this was very helpful.. we have had our shiba inu pup for nearly three months and he IS house trained although we do keep pee pads in the house in the event that i miss an outing and even then he will only use it for pees.. i am a stay at home mom with 2 kids and a cat and i find it difficult to keep a schedule, mostly because i am scatterbrained, but also because of our young ones.. but now our pup has been expressing stress anxiety, in the form of chewing up plastic toys that belong to the kids, toilet paper, or wooden anything, peeing in the house and barking, whining or crying if we leave the house.. we have tried to make him feel secure by getting him a kennel and keeping it in our room, so he can be near our smells.. i know he likes it because i have found him in there on his own just hanging out.. but the chewing and especially the peeing in the house isn’t getting better.. the most i try and establish, routine-wise, is playing with him one on one at night before we all retire to bed and walking him in the morning and at noon.. my husband chips in too.. but i was wondering if you could give me a little insight.. we are a military family, so we visit a lot and will have to move often, about every 3 years, so he will find himself in strange locations with strange people and strange smells isolated from his pack, we are also active in our community and our oldest will be starting school soon.. is it too much for us to expect our pup to adapt to all this? am i just going to have to look forward to more anxiety displays?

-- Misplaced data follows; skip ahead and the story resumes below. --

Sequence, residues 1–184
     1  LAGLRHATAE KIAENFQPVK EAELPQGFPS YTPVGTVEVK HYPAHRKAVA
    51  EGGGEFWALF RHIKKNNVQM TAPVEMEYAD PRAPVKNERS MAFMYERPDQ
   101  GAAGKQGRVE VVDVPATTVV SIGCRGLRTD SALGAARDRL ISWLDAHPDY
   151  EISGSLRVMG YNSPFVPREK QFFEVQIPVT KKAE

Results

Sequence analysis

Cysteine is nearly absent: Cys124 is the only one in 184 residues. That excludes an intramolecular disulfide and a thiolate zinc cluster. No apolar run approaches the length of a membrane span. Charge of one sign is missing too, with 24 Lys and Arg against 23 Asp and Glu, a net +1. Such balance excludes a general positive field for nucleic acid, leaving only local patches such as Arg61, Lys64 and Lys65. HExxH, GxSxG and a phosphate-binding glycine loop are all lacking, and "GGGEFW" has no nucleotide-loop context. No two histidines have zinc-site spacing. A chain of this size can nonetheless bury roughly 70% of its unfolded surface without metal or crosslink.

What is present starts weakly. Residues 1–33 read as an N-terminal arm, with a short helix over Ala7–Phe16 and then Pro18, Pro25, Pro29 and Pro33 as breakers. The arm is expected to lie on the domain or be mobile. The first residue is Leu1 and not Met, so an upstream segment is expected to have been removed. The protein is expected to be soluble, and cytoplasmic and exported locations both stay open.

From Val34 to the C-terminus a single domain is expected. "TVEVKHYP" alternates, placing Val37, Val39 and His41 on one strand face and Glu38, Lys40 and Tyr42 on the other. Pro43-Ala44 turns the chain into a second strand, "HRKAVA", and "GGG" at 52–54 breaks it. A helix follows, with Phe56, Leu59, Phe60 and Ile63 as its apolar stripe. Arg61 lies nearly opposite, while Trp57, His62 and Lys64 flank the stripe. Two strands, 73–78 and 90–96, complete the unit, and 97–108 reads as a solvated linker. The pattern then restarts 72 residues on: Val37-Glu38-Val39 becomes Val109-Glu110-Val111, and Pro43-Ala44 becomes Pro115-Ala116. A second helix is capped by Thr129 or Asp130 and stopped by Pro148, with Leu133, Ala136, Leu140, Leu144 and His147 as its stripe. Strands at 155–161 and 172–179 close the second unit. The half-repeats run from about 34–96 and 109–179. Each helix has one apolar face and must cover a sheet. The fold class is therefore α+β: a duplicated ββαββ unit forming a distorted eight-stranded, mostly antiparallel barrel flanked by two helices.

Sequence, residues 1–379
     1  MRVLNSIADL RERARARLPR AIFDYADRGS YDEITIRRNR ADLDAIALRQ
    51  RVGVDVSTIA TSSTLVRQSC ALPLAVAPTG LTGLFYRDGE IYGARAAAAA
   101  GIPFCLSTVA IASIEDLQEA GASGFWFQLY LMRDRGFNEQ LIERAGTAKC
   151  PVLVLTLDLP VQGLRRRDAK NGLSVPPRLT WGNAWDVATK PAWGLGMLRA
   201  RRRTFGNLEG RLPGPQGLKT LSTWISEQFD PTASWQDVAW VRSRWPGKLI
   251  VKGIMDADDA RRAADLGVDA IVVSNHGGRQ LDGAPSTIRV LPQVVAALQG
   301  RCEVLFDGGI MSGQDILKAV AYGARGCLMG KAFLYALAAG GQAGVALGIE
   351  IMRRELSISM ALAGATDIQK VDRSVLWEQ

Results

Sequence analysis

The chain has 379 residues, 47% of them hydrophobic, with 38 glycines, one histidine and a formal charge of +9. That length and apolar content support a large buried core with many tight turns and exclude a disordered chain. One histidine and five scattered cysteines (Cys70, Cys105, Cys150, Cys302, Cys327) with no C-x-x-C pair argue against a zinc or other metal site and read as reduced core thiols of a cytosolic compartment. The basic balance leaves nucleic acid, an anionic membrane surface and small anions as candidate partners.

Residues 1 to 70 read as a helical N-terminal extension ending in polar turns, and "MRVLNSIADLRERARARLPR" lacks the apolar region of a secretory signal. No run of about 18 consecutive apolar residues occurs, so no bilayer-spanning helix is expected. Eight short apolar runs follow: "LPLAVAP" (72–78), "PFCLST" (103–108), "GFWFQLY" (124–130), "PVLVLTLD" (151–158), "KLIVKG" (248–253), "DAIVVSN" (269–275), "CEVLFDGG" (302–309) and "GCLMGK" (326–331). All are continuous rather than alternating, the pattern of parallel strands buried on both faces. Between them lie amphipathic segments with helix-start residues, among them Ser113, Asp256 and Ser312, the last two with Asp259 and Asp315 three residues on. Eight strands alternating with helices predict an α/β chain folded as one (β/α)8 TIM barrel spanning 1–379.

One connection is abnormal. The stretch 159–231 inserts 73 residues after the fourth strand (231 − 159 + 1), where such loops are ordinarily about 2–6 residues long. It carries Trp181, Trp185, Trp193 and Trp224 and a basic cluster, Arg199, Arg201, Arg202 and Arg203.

Submissive urination is a normal way for your puppy to demonstrate submissive behavior. Even a dog that is otherwise housetrained may leave dribbles and puddles of urine at your feet when greeting you. Excitement urination with a puppy is usually caused by lack of bladder control. The puppy is not aware that he is urinating; he's just excited and any punishment will only confuse him.